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  1. #1
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    Jan 2004
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    Dawn of the dead

    The movie got me thinking (Oh no not again!) when I saw the movie for the second time (I love this movie). Now I was wondering is it possible for a disease (unknown type) kind like rabies effect the human to cause them to go (insane, ect, ect..) like the movie?

    Though I know their will be people that will say “No it is not possible”, but how do you know it isn’t possible? There are many strange things that we do not understand, and have no explored yet.

  2. #2
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    from a web site I got from " The zombie virus comes from the same Mononegavirales family. The virus is propagated mainly through ticks of the family Ixodidae. The prevalence of these ticks in tropical climes is the main reason for the large number of outbreaks in those regions. The nature of the spread of zombie plagues generally depended on the place of origin. Most urban plagues were spread by aggressive rats that had been bitten by an infected tick. In the country, the tick would bite humans directly, or pass the virus through mice, raccoons and other animals."


    From the website as well..


    Stages of the Disease


    Stage One: Infection. Symptoms of zombie infection appear quickly: within one or two hours, the victim will develop a headache, fever, chills and other flu-like symptoms. Zombie infections last about mostly between three and six hours, during which the vaccine is 100 percent effective.

    Stage Two: Coma. Zombie comas are considerably more brief than vampiric comas. While physiological changes-slow pulse, shallow breathing-are similar, the coma lasts only between four and six hours. Only the very young and very old do not survive zombie comas. Zombies have been found as young as five years old and as old as 90. The vaccine is 50 percent effective when administered during Stage Two of the infection: the longer the victim has been in the coma, the less effective the vaccine.

    Stage Three: Transformation. Zombies awaken from their comas in a catatonic state. They are unresponsive to most stimuli as they shuffle about, trying to locate their prey. There is no acclimation period; a zombie will begin hunting immediately upon transformation.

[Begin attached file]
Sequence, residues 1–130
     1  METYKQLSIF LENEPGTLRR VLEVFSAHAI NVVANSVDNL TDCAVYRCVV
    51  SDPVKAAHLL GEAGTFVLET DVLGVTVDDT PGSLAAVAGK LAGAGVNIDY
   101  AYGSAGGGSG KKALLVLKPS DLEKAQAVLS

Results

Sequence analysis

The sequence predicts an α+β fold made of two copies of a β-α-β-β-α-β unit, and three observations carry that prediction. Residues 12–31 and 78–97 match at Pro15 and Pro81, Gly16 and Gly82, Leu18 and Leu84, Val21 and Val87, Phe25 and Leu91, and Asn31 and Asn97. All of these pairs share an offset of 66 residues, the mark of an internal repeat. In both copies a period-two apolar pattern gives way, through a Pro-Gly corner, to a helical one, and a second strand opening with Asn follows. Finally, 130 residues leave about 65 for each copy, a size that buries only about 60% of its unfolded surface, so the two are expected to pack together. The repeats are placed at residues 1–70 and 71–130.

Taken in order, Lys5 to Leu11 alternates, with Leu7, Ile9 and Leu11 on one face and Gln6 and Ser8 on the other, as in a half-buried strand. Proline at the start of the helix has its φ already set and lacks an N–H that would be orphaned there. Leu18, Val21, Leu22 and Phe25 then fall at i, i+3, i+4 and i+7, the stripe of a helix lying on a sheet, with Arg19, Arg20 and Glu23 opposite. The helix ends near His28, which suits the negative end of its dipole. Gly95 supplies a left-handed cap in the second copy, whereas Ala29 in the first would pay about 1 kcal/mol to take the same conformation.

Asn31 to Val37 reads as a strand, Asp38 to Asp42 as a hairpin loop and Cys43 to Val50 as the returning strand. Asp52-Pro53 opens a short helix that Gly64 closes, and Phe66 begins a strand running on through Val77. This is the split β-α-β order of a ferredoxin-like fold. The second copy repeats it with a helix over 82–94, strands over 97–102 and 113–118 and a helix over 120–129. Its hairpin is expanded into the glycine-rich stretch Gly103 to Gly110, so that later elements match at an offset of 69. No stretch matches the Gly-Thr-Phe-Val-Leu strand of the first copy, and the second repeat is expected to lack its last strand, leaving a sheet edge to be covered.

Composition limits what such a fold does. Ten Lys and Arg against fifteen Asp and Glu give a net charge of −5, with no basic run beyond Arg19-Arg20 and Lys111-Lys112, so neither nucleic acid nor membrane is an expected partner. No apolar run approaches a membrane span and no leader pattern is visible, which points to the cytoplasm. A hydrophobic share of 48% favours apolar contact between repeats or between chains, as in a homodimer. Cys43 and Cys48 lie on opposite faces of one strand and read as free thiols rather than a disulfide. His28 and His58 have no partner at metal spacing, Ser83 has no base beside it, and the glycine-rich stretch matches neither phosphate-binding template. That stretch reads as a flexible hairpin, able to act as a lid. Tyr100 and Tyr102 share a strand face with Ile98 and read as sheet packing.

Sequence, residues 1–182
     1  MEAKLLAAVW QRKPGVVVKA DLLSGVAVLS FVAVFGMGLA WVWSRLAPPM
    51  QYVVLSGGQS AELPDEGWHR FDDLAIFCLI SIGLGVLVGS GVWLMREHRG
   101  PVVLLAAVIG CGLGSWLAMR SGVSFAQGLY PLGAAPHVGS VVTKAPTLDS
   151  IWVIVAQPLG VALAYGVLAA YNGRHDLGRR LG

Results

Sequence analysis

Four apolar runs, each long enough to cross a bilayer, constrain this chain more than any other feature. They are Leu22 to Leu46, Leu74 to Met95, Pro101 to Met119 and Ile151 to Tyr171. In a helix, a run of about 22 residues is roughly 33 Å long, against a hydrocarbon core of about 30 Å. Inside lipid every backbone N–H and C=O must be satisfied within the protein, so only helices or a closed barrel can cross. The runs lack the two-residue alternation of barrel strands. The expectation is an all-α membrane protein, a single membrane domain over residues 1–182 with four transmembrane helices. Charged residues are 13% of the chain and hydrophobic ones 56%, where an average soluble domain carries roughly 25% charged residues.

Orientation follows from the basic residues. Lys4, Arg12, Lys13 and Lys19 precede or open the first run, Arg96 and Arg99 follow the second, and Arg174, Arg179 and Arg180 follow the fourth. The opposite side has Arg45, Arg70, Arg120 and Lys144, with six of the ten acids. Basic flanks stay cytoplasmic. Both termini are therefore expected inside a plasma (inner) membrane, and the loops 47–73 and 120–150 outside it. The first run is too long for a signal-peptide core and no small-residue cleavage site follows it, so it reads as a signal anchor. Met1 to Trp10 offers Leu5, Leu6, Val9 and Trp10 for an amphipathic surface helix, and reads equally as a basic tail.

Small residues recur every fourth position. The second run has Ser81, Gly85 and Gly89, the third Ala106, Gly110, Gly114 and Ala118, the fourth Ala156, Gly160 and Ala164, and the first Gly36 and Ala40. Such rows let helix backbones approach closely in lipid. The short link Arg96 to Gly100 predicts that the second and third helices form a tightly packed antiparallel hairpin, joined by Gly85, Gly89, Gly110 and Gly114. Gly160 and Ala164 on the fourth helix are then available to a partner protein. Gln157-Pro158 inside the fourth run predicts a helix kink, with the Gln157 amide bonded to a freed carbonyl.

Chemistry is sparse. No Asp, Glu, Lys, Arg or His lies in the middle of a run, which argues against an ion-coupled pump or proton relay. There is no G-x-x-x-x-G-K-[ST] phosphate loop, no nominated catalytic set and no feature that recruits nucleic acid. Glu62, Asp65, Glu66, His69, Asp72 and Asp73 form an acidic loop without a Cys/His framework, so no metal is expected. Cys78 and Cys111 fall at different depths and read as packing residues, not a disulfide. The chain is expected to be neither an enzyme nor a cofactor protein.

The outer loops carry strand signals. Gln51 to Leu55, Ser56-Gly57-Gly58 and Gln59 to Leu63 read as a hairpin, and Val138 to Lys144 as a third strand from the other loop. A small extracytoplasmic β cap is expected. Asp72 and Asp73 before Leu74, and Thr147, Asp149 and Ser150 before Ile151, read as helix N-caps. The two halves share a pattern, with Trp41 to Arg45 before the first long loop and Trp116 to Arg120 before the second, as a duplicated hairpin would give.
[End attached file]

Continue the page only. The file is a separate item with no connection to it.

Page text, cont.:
little more about zombies from the website..

    Zombie Biology

    Because of their catatonic state, zombies have been unable to offer any personal testimony to augment scientific research. Therefore, all we know about zombies is based upon empirical evidence. A person infected with the zombie virus is transformed into a single-minded hunting machine, with all changes to bodily functions serving the zombie imperative: locate prey, capture prey and feed. Overall, the changes that take place in zombies are more limited than in vampires, and primarily affect the nervous system and the muscular/skeletal system.

    Brain/Nervous System
    This system has been of great interest to researchers, as zombie nervous tissue appears to have regenerative properties not found in humans.

    brain: because so little of it is crucial to their survival, zombies can survive an enormous loss of brain tissue. Former FVZA zombie specialist Dr. Waxman Himmelburger tells of encountering a zombie who had lost over 3/4 of his head from a shotgun blast, with no apparent effect.

    spine/nervous system: zombies have exhibited the ability to withstand significant trauma to their central nervous system. In a famous series of experiments conducted by FVZA scientists in 1972, zombies who had their spinal cords severed regained the ability to walk within 24 hours. Thus far, researchers have been unable to unlock the mechanism for this process of repair.

    dopamine: the smell of living flesh triggers a large release of this adrenaline-like neurotransmitter into the zombie brain

    Sense Organs

    "Follow your nose" might be the zombie motto. A zombie's powerful sense of smell compensates for the weakness of their other senses.
    1. sight: due to degradation of their corneas, zombies suffer from severe myopia. In addition, they are colorblind.
    2. hearing: zombies go deaf within a few weeks of transformation.
    3. smell: zombies have even more receptor cells than vampires. If the wind is right, zombies can smell humans from as far as several miles away.




    The Science of Zombies - Part II
    Zombie Biology
    Because of their catatonic state, zombies have been unable to offer any personal testimony to augment scientific research. Therefore, all we know about zombies is based upon empirical evidence. A person infected with the zombie virus is transformed into a single-minded hunting machine, with all changes to bodily functions serving the zombie imperative: locate prey, capture prey and feed. Overall, the changes that take place in zombies are more limited than in vampires, and primarily affect the nervous system and the muscular/skeletal system.
    Brain/Nervous System
    This system has been of great interest to researchers, as zombie nervous tissue appears to have regenerative properties not found in humans.



    Cross-sections of a normal brain (l)
    and a zombie brain (r) show the
    extensive atrophy of zombie brain tissue